Driver Adaptation to In-vehicle Intelligent Transport Systems: Preliminary Findings from the TAC SafeCar Project
Keywords: Vehicle Safety
Submission Date: 2004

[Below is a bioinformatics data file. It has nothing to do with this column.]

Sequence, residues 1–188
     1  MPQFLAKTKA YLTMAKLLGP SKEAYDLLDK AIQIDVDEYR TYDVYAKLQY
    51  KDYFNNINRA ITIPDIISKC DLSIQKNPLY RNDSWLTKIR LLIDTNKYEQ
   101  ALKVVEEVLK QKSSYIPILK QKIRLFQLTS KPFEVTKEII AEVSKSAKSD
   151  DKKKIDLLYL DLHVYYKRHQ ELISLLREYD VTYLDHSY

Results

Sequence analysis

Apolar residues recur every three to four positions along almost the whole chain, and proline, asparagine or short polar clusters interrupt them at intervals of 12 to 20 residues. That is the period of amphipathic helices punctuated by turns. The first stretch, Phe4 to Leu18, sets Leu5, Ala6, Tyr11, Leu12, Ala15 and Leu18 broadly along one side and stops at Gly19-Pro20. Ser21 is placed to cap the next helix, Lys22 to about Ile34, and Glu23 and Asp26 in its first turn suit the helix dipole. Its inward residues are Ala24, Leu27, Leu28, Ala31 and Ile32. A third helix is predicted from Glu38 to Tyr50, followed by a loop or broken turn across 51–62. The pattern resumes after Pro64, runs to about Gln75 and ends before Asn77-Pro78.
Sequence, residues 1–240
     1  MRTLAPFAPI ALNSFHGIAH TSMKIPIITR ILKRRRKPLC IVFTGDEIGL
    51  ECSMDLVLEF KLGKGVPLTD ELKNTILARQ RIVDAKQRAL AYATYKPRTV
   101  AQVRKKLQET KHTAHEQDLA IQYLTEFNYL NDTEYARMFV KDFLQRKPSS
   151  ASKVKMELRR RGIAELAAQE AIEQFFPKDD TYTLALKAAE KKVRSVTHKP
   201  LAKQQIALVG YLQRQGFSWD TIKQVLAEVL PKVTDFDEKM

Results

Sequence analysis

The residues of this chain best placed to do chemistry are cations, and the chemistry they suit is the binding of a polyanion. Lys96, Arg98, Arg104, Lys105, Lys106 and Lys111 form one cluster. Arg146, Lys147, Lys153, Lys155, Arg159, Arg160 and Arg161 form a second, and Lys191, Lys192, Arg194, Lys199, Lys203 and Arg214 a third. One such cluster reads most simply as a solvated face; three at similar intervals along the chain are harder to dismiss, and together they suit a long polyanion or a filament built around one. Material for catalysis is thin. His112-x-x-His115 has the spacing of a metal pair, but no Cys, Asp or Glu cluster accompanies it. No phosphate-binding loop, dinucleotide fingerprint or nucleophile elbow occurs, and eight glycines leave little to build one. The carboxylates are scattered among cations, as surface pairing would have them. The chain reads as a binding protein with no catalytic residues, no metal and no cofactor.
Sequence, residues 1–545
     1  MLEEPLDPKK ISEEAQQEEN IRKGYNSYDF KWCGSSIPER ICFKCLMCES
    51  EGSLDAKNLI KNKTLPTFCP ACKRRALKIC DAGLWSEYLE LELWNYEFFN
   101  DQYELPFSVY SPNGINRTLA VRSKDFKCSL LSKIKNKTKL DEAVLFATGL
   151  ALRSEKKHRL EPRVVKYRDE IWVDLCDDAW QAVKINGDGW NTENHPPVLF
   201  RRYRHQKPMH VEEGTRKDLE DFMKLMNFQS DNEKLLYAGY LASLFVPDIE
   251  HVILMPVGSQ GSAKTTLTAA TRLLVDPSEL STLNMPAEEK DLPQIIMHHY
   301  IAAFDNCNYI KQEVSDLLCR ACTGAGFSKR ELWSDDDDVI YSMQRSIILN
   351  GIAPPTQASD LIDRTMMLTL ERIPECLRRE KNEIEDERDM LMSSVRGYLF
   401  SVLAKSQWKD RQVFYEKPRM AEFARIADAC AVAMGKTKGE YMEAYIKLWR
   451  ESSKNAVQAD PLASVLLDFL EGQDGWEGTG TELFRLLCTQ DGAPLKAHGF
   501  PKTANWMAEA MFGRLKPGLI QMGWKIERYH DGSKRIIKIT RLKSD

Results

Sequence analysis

The Australian TAC SafeCar project is one of a growing number of on-road trials examining the effects on driver performance and safety in-vehicle intelligent transport systems (ITS). The aim of the project is to evaluate the potential road safety benefits of three in-vehicle ITS: Intelligent Speed Adaptation; Following Distance Warning; and Seat Belt Reminder. These systems, along with a Reverse Collision Warning system and Daytime Running Lights, have been equipped to 15 Ford passenger cars leased by several Government and commercial organisations in Melbourne. A total of 23 drivers will drive a SafeCar for approximately 17,000km. The project aims to examine behavioural adaptation to, and acceptance of, the technologies, separately and in combination, over time. The technical reliability of the systems is also being assessed. This paper presents some preliminary findings on the effects on driving performance of exposure to the Intelligent Speed Adaptation, Following Distance Warning and Seat Belt Reminder systems.